• Javier Torres

    O.K.

  • asteysn2

    I am a newbie to this discussion so please forgive me if I’m asking a stupid question, but, do plants ever revert back to a vegetative state after flowering, or do they just complete their life cycle and die?

  • asteysn2

    Reason Im asking is because I have clones in the ground outside for about the last 8 weeks maybe. And they seem to be showing sighns of starting to flower and they’re still young plants only about 18 high. I’d like to forestall flowering till they’ve had a chance to mature to better proportions.

  • Trey Leblanc

    I recently started growing in a 12 inch pot it growed up to a little stem then stopped growing do you think I should grow it in smaller pot to keep it growing?

  • Trey Leblanc

    The climate is very sunny and has good wind

  • Ross

    I found two seeds in my weed bag that I bought. I decided to try and germinate them. They did; and I planted them. I now have two plants growing up the same hole. Can I just leave them? Or, do I need to take one out?

  • Bruce from Hell

    I grew indoor pot outdoor is there a way to make them flower early ?

  • Angela McCoy

    My plant is in limbo, it’s been growing all summer and nearly died and made a comback but I don’t recall any flowering and it isn’t producing any buds but is growing like crazy. It is a female and probably 5ft tall. I have it in good soul and provide minerals and check for infestations daily. I put it in direct sunlight everyday and bring it in at night. I water it once a day from the top and then in the dirt. Where did I mess up to not have any buds yet or is it to soon??

    • CATRYNA49

      Don’t know the strain you are growing, or how old your plants are, but my plants always hit somewhere between 7.5′ to 9′ before they bud. Usually, when they hit 9′ and begin to bud, I top them off to 6′ so the secondary branches will produce more bud. Maybe, you just need to wait a bit longer for your girl to hit her stride. My Cannabis usually reaches 5′ to 6′ by the time they are 12 weeks. After that is when they hit their growth spurt of one foot per week until they reach a height of 8′ to 9’+ at around 16-17 weeks. Eighteen weeks is about the time they re budding out and I top them off. Maybe you need to give her more nitrogen; I use Fish Emulsion, weekly, during the growing stage. Hope this helps.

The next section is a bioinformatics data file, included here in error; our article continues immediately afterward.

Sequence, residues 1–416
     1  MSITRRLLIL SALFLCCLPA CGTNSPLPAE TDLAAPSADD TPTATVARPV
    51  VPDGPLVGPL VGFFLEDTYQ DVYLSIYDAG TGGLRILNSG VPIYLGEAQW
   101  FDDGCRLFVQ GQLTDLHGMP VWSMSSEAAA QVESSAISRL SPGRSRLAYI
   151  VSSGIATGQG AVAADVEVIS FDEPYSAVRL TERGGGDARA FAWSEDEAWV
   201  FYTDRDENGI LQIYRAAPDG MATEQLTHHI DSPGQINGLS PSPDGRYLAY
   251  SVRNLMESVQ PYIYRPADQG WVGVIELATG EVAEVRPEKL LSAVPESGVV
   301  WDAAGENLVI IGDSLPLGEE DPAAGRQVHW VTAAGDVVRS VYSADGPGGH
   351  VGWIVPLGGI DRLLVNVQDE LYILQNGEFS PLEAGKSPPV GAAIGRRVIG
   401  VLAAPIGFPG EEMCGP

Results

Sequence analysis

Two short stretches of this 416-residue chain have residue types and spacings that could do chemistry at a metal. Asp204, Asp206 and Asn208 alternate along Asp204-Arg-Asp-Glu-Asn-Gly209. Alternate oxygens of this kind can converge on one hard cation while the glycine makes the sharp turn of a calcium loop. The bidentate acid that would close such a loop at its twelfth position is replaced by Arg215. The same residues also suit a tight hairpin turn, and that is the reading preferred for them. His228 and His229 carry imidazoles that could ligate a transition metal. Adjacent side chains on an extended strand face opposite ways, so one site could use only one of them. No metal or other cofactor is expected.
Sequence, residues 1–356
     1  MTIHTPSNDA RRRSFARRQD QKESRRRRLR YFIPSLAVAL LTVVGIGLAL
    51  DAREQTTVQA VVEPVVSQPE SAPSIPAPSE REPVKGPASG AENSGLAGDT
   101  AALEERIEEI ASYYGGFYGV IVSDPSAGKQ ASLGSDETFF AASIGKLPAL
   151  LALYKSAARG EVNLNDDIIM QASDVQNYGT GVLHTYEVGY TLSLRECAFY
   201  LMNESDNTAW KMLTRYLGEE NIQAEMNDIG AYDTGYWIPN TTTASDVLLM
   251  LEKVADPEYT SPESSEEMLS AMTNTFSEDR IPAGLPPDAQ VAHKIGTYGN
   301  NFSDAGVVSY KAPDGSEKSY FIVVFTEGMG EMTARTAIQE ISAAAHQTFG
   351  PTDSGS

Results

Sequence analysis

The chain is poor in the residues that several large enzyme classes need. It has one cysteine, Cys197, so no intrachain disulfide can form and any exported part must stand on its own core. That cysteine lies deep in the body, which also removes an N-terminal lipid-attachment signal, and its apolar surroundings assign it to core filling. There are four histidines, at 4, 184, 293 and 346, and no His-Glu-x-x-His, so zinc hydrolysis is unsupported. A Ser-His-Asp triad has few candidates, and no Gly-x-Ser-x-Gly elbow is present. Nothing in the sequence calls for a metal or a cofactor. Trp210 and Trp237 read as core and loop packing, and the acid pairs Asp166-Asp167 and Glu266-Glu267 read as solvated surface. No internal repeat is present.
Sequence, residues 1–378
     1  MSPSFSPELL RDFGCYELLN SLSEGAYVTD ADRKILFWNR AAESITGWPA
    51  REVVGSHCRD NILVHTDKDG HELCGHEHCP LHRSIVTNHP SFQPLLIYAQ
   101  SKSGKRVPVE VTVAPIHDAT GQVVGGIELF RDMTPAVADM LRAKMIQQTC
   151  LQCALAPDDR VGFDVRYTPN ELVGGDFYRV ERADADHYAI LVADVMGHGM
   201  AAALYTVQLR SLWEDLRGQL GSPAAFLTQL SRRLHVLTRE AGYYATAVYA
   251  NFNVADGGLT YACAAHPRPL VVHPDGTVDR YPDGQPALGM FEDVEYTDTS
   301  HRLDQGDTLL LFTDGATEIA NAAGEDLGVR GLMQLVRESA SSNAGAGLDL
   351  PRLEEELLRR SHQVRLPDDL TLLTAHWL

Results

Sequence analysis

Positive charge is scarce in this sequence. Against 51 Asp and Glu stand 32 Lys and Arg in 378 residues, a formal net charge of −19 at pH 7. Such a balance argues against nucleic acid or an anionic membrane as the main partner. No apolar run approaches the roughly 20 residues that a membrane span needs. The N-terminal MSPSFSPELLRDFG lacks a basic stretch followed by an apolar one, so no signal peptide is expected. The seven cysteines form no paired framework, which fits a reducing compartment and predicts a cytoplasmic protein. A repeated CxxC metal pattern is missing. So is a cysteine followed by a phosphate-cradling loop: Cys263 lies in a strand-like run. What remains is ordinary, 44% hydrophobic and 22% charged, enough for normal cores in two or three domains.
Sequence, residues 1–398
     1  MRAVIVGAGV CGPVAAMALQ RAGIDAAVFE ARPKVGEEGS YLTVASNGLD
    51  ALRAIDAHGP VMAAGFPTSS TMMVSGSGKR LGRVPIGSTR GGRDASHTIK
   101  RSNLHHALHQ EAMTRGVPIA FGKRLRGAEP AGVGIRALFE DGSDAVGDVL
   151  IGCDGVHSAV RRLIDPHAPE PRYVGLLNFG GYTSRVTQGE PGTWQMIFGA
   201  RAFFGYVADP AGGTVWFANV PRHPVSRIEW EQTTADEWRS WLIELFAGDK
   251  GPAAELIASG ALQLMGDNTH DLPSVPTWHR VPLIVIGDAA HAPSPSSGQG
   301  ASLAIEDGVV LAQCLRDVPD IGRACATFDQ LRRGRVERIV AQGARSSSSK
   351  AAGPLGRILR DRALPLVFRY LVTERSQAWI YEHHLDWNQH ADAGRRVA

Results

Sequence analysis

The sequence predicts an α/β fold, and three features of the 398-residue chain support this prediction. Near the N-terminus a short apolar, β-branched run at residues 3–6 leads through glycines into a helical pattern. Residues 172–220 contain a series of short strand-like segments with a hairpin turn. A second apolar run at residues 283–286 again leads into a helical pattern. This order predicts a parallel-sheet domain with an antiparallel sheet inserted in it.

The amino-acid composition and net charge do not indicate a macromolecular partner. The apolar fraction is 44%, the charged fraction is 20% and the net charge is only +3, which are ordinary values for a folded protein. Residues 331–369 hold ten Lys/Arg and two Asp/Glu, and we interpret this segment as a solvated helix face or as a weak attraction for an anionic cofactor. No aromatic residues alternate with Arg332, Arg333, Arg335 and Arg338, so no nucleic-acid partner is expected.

• Denise Fernandes

    Hello;crazy question im sure ,but when do i harvest my plants? Im experiencing more rain earlier then i exspected and im unable to protect them yet i believe its to early aslthough that is why i ask…thank you.

  • Denise Fernandes

    Is removing water leaves from my flowering plants ok

  • Chris Phillips

    **First time grower**

    I started four plants at the same time and as of today one looks almost ready to harvest while the other three are way behind.

    Is this normal? Again first time grower so I’m basically learning as I go, also I guess i should mention they were growing outside.

    I’m starting to worry about them being finished before the frost as I’m in eastern Canada!